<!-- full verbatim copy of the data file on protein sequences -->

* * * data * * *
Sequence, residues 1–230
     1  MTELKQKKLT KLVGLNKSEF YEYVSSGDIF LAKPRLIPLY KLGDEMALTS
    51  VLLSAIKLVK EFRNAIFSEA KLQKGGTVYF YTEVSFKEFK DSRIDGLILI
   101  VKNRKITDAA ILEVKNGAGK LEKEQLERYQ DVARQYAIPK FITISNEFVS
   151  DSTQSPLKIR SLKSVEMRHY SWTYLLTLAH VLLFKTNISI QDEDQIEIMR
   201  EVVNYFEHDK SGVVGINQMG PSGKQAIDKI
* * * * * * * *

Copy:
Sequence, residues 1–230
     1  MTELKQKKLT KLVGLNKSEF YEYVSSGDIF LAKPRLIPLY KLGDEMALTS
    51  VLLSAIKLVK EFRNAIFSEA KLQKGGTVYF YTEVSFKEFK DSRIDGLILI
   101  VKNRKITDAA ILEVKNGAGK LEKEQLERYQ DVARQYAIPK FITISNEFVS
   151  DSTQSPLKIR SLKSVEMRHY SWTYLLTLAH VLLFKTNISI QDEDQIEIMR
   201  EVVNYFEHDK SGVVGINQMG PSGKQAIDKI